There is a way for all of us to peacefully coexist, but it requires give-and-take from both sides, and since America is not a state where the collective 380 million of us can do that, we have to find another way to start the coexistence. When you look at a conflict such as religion versus secularism, the pundits we see making points on behalf of the conflicting groups tend to be the radicals within them, who do not represent the collective ideas. For example, as an atheist, Sam Harris and Dave Silverman do not represent me. They represent their specific view of what atheism and secular humanism is, and what these viewpoints should do to the public square: to remove any and all mention of religion. To them, saying “Merry Christmas” or “God Bless You” to an atheist is cramming their beliefs down their throats. To me, as an atheist, “Merry Christmas” means “Merry Christmas”, especially since I celebrate Christmas as a cultural, commercialized holiday that exists for the purpose of good will toward others and the possibility of being electrocuted by strings of lights. I do not take it as a means of forcing Christian doctrine down my throat. I do not celebrate the birth of Jesus Christ. I celebrate humanism and the good humans can do to others who are in need. To me, “God Bless You” is a phrase that is equivocal to “good fortune”, making it the Christianized version of “gesundheit”, which is German for wishing good health on someone. I’m not offended when Christians reference God when speaking to me because they’re Christians. God is important to them, and just because I don’t believe God is real, doesn’t mean that I have to get my underwear in knots whenever God is referenced either in the wake of me or directly toward me. It’s equivalency. As I stated before, if someone says “God Bless You” toward me, then they are wishing good fortune to me in a Christian way. Why in the hell would I get upset about someone wishing me good fortune? Also, people like Bill O’Reilly, Pat Robertson, and Gretchen Carlson do not represent the entirety of Christianity. They represent their specific view of Christianity. Not all Christians are zealots. Most of them really don’t care about what other people’s religious viewpoints are because they understand that those who do not believe in what they believe have the right to do so, and that those beliefs do not influence their lives in any way.

But, as I mentioned before, it’s the radicals who get the face-time, which is unfortunate, since the radicals of all sides of this debate have misconceptions about what the other parties actually stand for and take an accusatory stance, thinking that they’re the victim, when in fact, they are part of the predatory aspects of the debate. Basically, the fact that one of America’s biggest problems is the radicalized division of religious affiliation speaks volumes to our societies inability to see transparent hypocrisy laid out in front of us like a buffet spread.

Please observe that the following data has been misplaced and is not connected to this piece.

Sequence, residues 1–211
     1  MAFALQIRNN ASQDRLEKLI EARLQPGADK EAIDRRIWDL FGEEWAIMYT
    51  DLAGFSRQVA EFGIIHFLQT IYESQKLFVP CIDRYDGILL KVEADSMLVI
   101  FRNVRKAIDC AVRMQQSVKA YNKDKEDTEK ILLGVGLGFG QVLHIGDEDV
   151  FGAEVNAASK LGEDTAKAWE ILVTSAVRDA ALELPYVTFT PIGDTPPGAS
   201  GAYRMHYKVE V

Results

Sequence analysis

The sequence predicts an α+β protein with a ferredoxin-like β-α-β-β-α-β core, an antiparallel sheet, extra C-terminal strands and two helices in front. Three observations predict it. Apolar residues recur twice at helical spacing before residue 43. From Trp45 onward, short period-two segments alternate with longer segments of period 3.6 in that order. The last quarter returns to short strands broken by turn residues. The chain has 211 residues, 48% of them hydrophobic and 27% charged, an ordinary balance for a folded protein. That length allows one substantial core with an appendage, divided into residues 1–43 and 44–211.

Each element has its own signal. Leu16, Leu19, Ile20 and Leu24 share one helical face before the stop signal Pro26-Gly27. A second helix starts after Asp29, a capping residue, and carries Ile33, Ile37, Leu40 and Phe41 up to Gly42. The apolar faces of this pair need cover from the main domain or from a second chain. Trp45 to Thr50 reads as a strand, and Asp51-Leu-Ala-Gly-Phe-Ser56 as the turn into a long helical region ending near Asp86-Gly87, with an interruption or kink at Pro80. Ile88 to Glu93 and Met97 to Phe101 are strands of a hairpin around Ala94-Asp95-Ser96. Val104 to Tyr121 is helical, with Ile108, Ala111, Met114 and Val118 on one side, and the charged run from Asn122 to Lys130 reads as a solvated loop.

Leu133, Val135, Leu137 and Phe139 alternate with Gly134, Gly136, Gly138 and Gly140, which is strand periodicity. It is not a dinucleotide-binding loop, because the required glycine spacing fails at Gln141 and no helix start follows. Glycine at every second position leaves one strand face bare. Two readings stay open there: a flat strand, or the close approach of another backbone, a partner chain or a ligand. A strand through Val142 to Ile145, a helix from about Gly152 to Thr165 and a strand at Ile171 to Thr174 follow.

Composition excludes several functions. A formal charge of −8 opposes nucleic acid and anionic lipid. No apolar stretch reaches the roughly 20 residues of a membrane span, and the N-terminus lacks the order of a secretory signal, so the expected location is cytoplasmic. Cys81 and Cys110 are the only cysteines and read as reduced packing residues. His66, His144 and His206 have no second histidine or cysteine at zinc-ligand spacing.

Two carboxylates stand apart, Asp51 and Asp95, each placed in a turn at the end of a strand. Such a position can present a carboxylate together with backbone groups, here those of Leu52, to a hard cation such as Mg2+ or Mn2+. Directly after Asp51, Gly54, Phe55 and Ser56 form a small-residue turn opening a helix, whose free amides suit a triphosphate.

The only real difference between the two sides is that one is religious and one is the antithesis of religion, meaning that these religious groups have to abide by the rules of establishment in the United States Constitution. Congress shall not respect an establishment of religion, meaning that it is unconstitutional for the Ten Commandments to be displayed at the Oklahoma Statehouse Capitol, and if someone were to complain about any sort of religious display on any piece of public property, then by the United States Constitution, the display must be permanently taken down. Here’s the thing, though. These infractions upon the Constitution still exist and are up, in a lot of places, nearly all the time. Why? Because most people, religious and non-religious, don’t really care. We don’t find it offensive. We’re not members of the vocal minorities who are trying to start (and, in some aspects, continue) a stupid “war” because of a fear of, and an inability to accept, change. For example, as I mentioned before, I celebrate a secularized Christmas, but Christmas carols that are religious in nature (such as “The First Noel” and “O’ Holy Night”) don’t bother me because they are synonymous with Christmas. In fact, I like many of the renditions of religious Christmas carols. I think they’re beautiful songs. I also don’t get pissy about nativities. Again, they’re pretty much synonymous.

Basically, I’ve coexisted the secularized Christmas that I celebrate with the religious aspects of Christmas. I can still appreciate these religious aspects of Christmas, without having to believe in their religious messages. How? Because despite my lack of belief, I understand the importance of religion to people, and can see the beauty that does exist within religion. Everything has it’s negative qualities, and it’s the focusing on those negative aspects that causes the division in people and creates these debates like religion versus secularization. All it takes is a little empathy, and a little communication.


About Robert L. Franklin

Ah, the About Me section - social networking's excuse for you sounding like an elitist prick. Hmm... what to say? What to say?